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Hypertrophic Lichen Planus

Last updated March 21, 2018

Approved by: Krish Tangella MD, MBA, FCAP


Microscopic pathology image showing Lichen Planus

What are the other Names for this Condition? (Also known as/Synonyms)

  • Hypertrophic LP (Lichen Planus)

What is Hypertrophic Lichen Planus? (Definition/Background Information)

  • Lichen Planus (LP) is a common, benign condition of generally unknown cause affecting the skin and mucus membranes. Classically, Lichen Planus skin lesions have been described as papule, purple, polygonal, and pruritus - the “4 P’s”. These can occur anywhere in the body and mouth
  • Hypertrophic Lichen Planus are characterized by thick skin lesions that occur on the arms and legs, particularly around the hands and feet
  • In general, individuals in the 30-60 year age group are affected the most. The main symptom of these lesions is itching
  • The treatment for Hypertrophic Lichen Planus in symptomatic individuals may include the use of topical steroidal creams and moisturizers, immunosuppressive therapy, and photo-chemotherapy. The prognosis of the condition is generally good

Who gets Hypertrophic Lichen Planus? (Age and Sex Distribution)

  • Hypertrophic Lichen Planus is a common skin condition that is typically seen in middle-aged to older adults in the age group of 30-60 years
  • It can affect both males and females, although females are affected more than males
  • In general, Lichen Planus occurs worldwide and individuals of all racial and ethnic background may be affected. However, the incidence of hypertrophic pattern of LP is higher in African Americans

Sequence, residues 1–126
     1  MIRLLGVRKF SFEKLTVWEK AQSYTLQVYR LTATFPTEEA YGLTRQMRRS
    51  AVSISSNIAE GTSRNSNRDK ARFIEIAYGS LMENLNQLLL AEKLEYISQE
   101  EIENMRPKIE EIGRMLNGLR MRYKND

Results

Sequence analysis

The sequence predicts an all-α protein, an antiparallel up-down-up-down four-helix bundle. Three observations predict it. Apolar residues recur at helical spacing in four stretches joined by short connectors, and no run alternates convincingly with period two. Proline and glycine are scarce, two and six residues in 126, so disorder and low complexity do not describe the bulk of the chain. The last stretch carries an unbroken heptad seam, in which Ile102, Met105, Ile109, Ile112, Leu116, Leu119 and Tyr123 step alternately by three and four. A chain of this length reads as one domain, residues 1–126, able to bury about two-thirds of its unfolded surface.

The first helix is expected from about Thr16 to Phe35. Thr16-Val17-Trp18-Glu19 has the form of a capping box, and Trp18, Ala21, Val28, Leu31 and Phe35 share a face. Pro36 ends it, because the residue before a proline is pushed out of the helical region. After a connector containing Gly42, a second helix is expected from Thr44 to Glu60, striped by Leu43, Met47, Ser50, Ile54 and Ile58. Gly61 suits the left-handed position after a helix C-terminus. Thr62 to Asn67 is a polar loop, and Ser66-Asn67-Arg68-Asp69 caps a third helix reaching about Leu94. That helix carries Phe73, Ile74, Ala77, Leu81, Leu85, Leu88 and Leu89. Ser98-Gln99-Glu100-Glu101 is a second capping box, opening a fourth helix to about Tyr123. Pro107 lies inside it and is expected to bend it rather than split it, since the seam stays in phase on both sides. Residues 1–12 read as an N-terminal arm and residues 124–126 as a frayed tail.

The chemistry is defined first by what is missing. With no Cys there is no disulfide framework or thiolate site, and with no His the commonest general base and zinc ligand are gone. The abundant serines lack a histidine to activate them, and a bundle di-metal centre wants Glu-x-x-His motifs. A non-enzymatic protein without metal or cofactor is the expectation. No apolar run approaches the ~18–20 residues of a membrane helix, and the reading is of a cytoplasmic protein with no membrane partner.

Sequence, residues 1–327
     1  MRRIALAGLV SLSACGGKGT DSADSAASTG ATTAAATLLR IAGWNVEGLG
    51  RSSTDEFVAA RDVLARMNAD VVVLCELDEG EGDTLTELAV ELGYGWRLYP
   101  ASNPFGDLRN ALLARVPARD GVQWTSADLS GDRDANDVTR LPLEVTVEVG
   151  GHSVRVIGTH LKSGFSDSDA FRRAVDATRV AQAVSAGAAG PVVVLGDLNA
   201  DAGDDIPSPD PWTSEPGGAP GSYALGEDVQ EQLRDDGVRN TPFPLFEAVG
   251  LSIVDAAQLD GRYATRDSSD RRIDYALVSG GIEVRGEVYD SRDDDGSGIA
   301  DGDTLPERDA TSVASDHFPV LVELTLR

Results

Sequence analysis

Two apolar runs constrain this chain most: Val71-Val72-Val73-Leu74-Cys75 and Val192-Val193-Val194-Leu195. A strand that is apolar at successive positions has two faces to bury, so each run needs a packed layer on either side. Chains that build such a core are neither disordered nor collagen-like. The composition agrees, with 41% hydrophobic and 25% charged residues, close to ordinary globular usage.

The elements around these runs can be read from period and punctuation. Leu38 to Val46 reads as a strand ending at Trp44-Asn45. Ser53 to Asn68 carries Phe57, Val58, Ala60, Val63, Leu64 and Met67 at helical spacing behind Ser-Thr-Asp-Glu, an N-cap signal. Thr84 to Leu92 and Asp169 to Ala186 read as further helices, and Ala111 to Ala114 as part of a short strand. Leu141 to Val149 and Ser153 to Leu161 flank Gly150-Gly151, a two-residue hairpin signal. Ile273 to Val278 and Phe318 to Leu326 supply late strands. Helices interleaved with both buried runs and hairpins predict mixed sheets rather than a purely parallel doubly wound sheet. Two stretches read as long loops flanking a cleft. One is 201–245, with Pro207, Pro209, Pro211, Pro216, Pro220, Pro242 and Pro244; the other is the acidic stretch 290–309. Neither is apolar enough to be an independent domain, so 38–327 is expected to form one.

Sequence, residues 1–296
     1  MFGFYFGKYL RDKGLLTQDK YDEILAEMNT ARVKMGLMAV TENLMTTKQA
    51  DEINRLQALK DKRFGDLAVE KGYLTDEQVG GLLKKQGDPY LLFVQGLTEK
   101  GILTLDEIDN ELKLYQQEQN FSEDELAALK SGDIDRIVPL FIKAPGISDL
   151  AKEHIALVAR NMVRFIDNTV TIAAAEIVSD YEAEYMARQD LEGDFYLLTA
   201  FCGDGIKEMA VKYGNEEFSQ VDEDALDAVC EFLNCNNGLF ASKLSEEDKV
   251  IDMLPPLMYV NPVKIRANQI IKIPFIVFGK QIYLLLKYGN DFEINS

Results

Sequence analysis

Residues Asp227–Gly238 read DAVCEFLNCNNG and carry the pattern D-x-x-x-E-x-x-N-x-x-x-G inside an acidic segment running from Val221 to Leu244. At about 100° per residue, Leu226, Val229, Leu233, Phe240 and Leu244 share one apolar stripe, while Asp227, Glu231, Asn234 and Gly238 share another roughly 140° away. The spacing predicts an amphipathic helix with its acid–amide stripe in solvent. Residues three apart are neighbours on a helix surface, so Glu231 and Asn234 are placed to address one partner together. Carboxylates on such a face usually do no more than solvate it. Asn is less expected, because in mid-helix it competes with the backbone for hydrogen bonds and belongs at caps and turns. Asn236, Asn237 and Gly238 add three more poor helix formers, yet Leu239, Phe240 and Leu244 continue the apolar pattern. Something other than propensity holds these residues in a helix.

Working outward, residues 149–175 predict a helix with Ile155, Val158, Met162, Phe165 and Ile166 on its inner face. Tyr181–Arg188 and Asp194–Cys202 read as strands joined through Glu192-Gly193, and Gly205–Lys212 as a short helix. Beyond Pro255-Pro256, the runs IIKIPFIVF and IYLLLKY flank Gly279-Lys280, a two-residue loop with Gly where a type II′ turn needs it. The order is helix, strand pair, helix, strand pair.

What are the Risk Factors for Hypertrophic Lichen Planus? (Predisposing Factors)

  • The risk factors for Hypertrophic Lichen Planus are unknown or unidentified

It is important to note that having a risk factor does not mean that one will get the condition. A risk factor increases ones chances of getting a condition compared to an individual without the risk factors. Some risk factors are more important than others.

Also, not having a risk factor does not mean that an individual will not get the condition. It is always important to discuss the effect of risk factors with your healthcare provider.

What are the Causes of Hypertrophic Lichen Planus? (Etiology)

  • The exact cause of development of Hypertrophic Lichen Planus having skin involvement is unknown (idiopathic), in a majority of cases
  • In some cases, abnormal cell-mediated immunity may be the potential cause
  • There is no definitive proof that certain types of diet play a role in the development of this skin condition
  • Lichen Planus is non-contagious and is not transmitted from one individual to another; one cannot contract the condition through close physical interaction with the affected individuals

What are the Signs and Symptoms of Hypertrophic Lichen Planus?

Generally, the timing of development of the signs and symptoms are important in ensuring an accurate diagnosis. Lichen Planus has a slow onset; it may take days and weeks for the signs and symptoms to develop. Nevertheless, even though the skin lesions can be itchy, Hypertrophic Lichen Planus may be asymptomatic in many individuals. After onset of the condition, the lesions may last many months and sometimes, even for years.